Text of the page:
Chris Talbot| Talkincloud
Do your cloud services meet federal security requirements yet? If not, you only have another six months to get your services up to spec. The FedRAMP accreditation process isn’t an easy one, but any cloud service that doesn’t meet the strict requirements won’t meet the feds’ trust test.
The entire FedRAMP review process takes time. The simplest and fastest way to go about it, which is to work with the FedRAMP office, takes approximately 4.5 months to complete the process. If a cloud services provider goes it alone, the process can take up to six months. With only six months to deadline, that’s not a lot of time, so for those who have been holding off to become accredited, consider making a move on getting started or risk being left behind and getting left out of future federal government cloud computing deals.
Maria Roat, FedRAMP director within the General Services Administration, recently reminded cloud services providers and federal agencies that the deadline is looming. Roat spoke at the Federal Cloud Computing Summit in mid-December and noted that cloud providers currently doing business—or hoping to do business—with federal government departments and agencies should contact the FedRAMP office to get the review process underway.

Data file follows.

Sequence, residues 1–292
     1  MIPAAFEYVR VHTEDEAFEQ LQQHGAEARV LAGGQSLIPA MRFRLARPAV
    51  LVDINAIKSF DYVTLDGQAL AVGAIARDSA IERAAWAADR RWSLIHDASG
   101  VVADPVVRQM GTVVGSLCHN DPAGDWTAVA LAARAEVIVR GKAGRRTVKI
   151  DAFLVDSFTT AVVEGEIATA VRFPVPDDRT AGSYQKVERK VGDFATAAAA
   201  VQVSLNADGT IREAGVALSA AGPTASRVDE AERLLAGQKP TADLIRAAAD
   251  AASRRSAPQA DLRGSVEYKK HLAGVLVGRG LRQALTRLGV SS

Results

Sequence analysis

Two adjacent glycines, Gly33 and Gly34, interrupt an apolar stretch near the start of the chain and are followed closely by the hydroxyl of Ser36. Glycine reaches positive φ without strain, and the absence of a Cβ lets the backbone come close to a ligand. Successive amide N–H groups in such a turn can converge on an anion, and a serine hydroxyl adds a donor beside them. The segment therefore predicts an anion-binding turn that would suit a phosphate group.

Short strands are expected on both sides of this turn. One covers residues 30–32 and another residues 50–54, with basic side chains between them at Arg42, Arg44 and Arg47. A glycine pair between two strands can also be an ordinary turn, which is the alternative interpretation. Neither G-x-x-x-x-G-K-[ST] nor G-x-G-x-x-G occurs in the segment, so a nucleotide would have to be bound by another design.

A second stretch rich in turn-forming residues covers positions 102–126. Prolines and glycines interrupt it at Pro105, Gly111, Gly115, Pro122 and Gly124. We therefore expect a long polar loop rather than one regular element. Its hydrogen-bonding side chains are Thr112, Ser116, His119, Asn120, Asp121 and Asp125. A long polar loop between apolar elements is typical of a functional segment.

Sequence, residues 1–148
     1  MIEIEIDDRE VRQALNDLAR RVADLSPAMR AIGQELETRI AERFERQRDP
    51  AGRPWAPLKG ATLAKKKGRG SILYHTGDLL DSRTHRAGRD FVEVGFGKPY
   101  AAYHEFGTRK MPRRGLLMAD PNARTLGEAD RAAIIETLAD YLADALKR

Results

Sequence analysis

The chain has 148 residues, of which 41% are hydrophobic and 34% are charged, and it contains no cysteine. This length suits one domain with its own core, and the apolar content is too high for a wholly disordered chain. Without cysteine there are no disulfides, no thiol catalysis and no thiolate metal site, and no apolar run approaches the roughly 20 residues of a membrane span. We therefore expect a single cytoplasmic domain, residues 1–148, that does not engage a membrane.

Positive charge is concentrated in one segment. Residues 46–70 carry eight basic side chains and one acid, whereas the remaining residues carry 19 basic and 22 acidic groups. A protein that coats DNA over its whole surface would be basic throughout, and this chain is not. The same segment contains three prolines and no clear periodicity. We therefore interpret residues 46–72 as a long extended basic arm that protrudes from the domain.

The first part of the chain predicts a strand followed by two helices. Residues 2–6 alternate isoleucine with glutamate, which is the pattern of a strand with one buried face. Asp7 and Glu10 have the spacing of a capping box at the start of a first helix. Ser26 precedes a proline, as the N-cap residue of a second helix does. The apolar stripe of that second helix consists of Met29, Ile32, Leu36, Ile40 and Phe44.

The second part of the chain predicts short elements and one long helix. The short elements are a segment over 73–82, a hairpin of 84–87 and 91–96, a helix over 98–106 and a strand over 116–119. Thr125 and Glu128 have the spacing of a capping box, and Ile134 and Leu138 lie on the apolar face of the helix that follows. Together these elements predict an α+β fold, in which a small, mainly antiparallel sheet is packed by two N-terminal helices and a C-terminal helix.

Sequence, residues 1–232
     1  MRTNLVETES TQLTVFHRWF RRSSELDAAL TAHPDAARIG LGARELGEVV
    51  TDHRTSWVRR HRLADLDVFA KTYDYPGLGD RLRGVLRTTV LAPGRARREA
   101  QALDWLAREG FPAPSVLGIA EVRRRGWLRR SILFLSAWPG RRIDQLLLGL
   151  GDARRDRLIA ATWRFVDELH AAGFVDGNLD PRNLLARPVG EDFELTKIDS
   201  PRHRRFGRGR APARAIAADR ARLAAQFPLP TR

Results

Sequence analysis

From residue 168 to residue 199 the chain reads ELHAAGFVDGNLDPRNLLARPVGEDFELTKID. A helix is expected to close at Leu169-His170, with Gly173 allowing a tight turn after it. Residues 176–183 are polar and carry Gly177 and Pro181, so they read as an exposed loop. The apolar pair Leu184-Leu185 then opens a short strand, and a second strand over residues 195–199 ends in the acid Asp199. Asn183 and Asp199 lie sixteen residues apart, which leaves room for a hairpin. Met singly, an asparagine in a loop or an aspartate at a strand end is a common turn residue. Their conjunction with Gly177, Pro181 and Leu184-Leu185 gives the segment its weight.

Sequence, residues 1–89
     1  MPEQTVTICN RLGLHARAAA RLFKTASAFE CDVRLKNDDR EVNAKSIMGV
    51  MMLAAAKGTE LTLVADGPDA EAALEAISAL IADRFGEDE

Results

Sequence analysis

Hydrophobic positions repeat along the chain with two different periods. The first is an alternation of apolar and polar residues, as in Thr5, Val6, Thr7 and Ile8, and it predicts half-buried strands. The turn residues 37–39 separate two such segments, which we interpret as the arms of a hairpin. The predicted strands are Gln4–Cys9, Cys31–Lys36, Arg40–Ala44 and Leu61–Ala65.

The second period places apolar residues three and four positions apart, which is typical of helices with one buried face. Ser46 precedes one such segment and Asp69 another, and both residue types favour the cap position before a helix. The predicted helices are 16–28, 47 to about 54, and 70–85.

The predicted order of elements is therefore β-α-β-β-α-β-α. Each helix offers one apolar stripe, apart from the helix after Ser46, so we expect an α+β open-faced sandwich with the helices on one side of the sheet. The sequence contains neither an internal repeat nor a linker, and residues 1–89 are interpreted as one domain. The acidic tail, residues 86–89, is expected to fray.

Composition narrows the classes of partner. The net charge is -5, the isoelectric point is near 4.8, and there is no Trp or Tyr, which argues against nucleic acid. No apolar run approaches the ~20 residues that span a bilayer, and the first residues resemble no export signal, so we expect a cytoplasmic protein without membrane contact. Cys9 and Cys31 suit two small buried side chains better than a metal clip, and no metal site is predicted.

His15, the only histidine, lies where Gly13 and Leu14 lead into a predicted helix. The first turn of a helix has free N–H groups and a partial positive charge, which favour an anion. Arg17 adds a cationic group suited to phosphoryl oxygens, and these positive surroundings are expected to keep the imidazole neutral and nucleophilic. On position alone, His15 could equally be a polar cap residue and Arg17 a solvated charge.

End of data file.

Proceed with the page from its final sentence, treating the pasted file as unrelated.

The federal government’s Cloud First policy has been gaining steam, and FedRAMP is being used to ensure the integrity of federal data stored within cloud services. It hasn’t been an easy road, but several major cloud services providers are ahead of the game. Hewlett-Packard (HPQ), Microsoft (MSFT) Azure and Amazon (AMZN) Web Services’ GovCloud have announced the completion of the accreditation process over the last several months.
Many others are certainly hip deep in the review process, and it’s likely we’ll hear more accreditation completion announcements over the next few months.
FedRAMP contains 298 security controls that are based on the National Institute of Standards and Technology guidelines that pertain to governance over agencies’ IT systems security.